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Propagating Houseplants

Posted by Kari Houle - Articles

One of my great loves of plants is that we can create new plants from existing. There are a number of houseplants that are easy to propagate and if you're like me you can never seem to have enough of your favorite plants!

When propagating houseplants, there are usually three different methods and which method to use is determined by what plant you are trying to grow. There are three types of cuttings used for propagating houseplants which include: herbaceous/softwood cuttings, leaf cuttings, and cane cuttings. Below are examples of what plants can be propagated by each method. (There are two other methods of houseplant propagation which includes Division and Air Layering but that's for another time.)

Softwood/Herbaceous Cuttings (outer tip of plant, usually 3-6 inches long with a few leaves attached, with flowers or seed heads removed) – Dracaena, Croton, Holiday Cactus

Leaf Cuttings (The entire leaf, making sure that the petiole is kept short) – Jade, African Violet, Kalanchoe

Cane Cuttings (The stem is planted with no leaves – plant horizontally in the container and slightly covered, usually 2-3 inches long) – Dracaena and Dieffenbachia

With any plant that you want to propagate, make sure to choose healthy material to use in propagation. Since it takes time for cuttings to root out, if plant material is damaged it will reduce the chance of success. Avoid using materials that have insect or disease issues.

A 6-8 inch pot can be utilized to root out multiple cuttings in one container or you can also use individual smaller containers. Whatever your container might be, make sure to utilize a good quality potting mix or perlite and peat moss mixed 50/50. Make sure all pots or containers are sterilized prior to using for propagation.

Once you've taking your cuttings and planted them and making sure the potting medium is watered (avoid over saturation as you can cause rot of the cuttings if the potting mix stays overly moist), cover the container with a plastic bag to increase humidity. This is important since the cuttings don't have roots to take up water yet. Place the container in a sunny location but avoid direct sunlight as direct sunlight and a plastic covering will burn the cuttings. Some plants don't do well with the plastic covering such as Jade as the excessive humidity could cause rot issues. Jade are one of the plants that root better in a sand based rooting medium.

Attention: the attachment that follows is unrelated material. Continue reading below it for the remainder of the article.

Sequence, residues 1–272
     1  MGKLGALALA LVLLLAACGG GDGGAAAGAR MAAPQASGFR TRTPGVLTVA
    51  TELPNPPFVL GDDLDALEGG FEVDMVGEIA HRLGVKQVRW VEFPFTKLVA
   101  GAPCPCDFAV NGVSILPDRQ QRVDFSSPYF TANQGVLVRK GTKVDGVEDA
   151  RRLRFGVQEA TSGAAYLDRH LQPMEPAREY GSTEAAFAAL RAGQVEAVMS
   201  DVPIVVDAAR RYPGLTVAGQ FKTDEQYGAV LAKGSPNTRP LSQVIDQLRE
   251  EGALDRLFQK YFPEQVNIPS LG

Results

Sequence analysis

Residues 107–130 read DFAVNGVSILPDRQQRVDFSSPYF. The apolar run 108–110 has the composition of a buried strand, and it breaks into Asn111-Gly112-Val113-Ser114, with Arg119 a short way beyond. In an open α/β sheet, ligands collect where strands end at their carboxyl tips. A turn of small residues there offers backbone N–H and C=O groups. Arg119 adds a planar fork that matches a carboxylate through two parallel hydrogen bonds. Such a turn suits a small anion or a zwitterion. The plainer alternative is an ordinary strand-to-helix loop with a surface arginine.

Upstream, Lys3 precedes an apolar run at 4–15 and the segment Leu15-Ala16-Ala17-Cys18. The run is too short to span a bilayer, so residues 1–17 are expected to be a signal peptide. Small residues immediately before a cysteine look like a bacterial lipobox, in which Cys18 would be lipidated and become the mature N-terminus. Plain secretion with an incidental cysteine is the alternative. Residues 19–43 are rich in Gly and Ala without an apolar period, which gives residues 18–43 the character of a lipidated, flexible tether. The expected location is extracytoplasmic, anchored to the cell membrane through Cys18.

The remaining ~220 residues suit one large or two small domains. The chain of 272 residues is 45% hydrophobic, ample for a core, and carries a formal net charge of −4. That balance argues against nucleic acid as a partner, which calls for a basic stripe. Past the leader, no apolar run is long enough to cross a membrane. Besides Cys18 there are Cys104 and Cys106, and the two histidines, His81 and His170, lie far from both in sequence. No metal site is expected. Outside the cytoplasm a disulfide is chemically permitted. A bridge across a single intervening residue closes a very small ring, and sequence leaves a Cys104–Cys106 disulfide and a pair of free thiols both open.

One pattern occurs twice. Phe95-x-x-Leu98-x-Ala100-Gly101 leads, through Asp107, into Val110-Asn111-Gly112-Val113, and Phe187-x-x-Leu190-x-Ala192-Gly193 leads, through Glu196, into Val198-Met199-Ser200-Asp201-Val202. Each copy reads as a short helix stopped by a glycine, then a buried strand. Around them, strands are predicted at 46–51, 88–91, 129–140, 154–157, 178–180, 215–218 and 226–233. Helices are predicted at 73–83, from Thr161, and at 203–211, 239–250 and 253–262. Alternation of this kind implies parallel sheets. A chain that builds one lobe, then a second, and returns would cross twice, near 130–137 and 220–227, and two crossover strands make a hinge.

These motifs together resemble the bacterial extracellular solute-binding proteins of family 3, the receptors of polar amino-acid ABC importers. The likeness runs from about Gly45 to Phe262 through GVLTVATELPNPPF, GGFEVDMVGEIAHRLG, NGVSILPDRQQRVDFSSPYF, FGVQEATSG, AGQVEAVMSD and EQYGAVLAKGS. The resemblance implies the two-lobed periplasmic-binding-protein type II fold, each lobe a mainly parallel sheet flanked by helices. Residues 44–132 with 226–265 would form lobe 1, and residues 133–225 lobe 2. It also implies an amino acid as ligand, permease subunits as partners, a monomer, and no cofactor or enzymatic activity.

The time it takes for roots to form varies greatly from plant to plant. Some may form roots quickly others may take weeks before roots form. Keep a close watch on the cuttings and monitor for any root issues and adequate moisture (don't let the planting medium to dry out). If cuttings begin to rot the moisture level is too high – either the humidity level is too much or the soil medium is too wet or combination of both – either way remove those cuttings that have begun to rot and reduce humidity/moisture as needed. Once the cuttings have rooted transplant them to individual containers if planted in flats or multiple cuttings in a single container. Monitor closely as the transition to less humidity can cause some shock to the plants.

For more information on houseplants visit the University of Illinois Extension website Houseplants at http://extension.illinois.edu/houseplants

For more information on Plant Propagation visit the University of Illinois Extension Horticulture YouTube Channel http://go.illinois.edu/fourseasonsrecordings for recordings from our Four Seasons Gardening Series.



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